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Far-Seer by Robert J. Sawyer
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Dinosaurs in Space! Okay, not really. Its more like Dinosaurs Discover the World is Round! and other stories.

Essentially, we have an intelligent dinosoar society living on the moon. They are, science wise, in the age of telescopes and the beginning of astronomy. When a young saurian named Afsen goes on a pilgrimage to gaze upon the face of God, he doesn't see something holy, but another object in the sky. With this knowledge, he changes his world, possibly saving it from the gravity of the planet his world rotates around that threatens to destroy his home.

My thoughts. I liked it. Where this book excels is how the author creates a truly dinosaur society. It is not human, nor do the characters think human. A lot of thought went into how this society works. ( )
  TheDivineOomba | Dec 27, 2011 |
Together with _Fossil Hunter_ (1993) and _Foreigner_ (1994), an early trilogy by the Canadian SF phenom -- something to read while waiting for the third volume of his _Hominids_/_Humans_/_Hybrids_ trilogy.
  fpagan | Dec 19, 2006 |
http://bookramble.blogspot.com/2006/09/2-reviews-of-science-fiction-and.html

Far-Seer is the story of a sentient dinosaur race, called Quintaglios. It seems like a "rite of passage" type of book at first: apprentice astronomer Asfar has conflicts with the Master Astronomer, goes on his first hunt, and then on his first pigrimage. But it's actually a much bigger story than that, as what Asfar discovers on his pilgrimage is definite science fiction in the very best traditions of world-building and what-if'ing.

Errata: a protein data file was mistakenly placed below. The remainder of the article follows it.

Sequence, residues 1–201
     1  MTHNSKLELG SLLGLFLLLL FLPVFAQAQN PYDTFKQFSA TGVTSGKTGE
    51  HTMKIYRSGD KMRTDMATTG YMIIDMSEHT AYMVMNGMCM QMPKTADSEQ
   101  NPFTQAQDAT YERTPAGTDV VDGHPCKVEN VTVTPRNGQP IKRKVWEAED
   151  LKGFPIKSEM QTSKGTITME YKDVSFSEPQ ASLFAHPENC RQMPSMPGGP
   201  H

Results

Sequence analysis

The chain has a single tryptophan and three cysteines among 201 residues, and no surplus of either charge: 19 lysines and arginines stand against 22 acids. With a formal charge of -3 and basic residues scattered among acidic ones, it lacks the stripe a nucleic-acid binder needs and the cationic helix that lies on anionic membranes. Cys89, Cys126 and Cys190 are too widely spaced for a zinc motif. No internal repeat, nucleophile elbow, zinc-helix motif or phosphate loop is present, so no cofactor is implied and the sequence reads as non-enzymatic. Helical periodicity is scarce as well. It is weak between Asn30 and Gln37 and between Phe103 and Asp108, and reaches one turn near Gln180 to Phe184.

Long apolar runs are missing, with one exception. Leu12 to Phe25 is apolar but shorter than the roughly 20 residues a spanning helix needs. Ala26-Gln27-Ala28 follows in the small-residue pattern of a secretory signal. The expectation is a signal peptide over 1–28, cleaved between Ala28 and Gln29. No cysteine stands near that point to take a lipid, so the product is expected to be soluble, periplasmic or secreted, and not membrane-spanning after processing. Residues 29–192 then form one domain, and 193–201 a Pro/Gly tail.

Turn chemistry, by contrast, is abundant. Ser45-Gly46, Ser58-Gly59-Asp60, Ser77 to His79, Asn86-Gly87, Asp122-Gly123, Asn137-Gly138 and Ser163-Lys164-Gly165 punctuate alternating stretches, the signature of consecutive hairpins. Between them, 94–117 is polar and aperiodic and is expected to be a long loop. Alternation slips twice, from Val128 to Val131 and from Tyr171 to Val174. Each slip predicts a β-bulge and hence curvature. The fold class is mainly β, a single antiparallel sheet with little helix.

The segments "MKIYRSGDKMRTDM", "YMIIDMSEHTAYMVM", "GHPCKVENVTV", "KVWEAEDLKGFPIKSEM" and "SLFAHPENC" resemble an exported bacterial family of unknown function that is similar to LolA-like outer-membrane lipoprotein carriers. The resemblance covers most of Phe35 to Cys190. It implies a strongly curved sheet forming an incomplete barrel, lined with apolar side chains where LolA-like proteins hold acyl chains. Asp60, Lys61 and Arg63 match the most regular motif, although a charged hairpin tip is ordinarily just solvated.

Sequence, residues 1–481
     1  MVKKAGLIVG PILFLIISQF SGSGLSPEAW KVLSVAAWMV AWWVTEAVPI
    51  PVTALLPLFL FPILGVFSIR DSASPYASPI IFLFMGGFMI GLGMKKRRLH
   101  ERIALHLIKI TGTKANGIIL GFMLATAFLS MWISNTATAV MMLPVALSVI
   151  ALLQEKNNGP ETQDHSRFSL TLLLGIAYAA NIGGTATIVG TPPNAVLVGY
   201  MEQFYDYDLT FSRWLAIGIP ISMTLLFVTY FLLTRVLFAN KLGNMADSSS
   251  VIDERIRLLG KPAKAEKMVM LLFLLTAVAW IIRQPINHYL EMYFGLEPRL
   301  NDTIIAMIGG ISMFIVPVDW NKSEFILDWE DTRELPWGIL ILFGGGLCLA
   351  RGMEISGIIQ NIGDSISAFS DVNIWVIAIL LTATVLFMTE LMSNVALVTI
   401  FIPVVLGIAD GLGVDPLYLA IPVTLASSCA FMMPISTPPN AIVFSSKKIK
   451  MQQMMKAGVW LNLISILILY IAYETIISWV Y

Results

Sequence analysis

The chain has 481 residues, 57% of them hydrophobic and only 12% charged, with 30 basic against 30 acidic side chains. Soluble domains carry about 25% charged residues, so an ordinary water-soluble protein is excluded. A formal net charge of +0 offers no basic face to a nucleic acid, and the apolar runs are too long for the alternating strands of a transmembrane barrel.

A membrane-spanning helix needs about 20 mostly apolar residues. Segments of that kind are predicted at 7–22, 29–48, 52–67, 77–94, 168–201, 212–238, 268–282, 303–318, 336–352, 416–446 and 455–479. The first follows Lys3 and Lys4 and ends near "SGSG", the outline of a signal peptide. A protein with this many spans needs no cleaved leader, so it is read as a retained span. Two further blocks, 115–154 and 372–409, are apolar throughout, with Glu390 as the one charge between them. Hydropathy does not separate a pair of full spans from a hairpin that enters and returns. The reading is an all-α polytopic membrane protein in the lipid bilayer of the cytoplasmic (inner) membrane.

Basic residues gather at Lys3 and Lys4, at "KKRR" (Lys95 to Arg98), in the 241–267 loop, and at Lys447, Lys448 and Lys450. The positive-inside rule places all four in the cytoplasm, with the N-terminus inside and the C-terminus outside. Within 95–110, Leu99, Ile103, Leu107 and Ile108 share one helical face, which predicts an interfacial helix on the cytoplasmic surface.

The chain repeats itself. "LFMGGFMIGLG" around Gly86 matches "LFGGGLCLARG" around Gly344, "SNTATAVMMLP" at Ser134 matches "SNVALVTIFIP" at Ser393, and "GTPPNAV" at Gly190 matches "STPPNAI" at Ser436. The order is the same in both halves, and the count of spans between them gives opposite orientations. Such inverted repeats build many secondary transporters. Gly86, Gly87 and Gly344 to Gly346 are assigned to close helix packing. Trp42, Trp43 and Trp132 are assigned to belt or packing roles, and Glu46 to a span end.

Probably the main criticism I have is towards the beginning, Sawyer doesn't handle the "how are Quintaglios different from me" bits of description. There's a bit of "as you know, Bob" in the descriptions, but it's not too bad, and disappears almost completely by the middle of the book. Unfortunately, there are some things that seem odd. For instance, in a culture of powerful predators, there are strictures against weapons use, and yet the idea of weapons isn't foreign. So where did the idea even come from? If you have teeth and claws-- both of which regenerate quickly-- who would need a dagger in the first place? Who would even think to make one?

My other criticism is that Asfar discovers in a few weeks what took humans about 500 years to learn about the stars. A little... unlikely, I think. Perhaps if Sawyer had had Asfar base a lot of his theories on those written by the astrologers who came before him, it would be more plausible. As it is, though, the explanation in the book is simply that he is "The One," which is just a little too convenient and religious/prophecied for my personal preference in a science fiction novel.

Anyway, I originally bought this book because I intended to write a novel in which sentient dinosaurs take to the stars. I'm glad Sawyer has tread this path before (he also tread the path I was on with my other sci fi novel, which just tells me to keep reading his stuff). I enjoyed the read, and I'll definitely go on to read the sequels, Fossil Hunter and Foreigner. ( )
  mortaine | Sep 19, 2006 |
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Amazon.com Product Description (ISBN 0441225519, Mass Market Paperback)

In a world where the age of dinosaurs never ended, the young saurian Afsan becomes apprentice to the court astrologer, when he discovers something about the Face of God that will test his faith and may save his world from disaster.

(retrieved from Amazon Mon, 30 Sep 2013 13:30:36 -0400)

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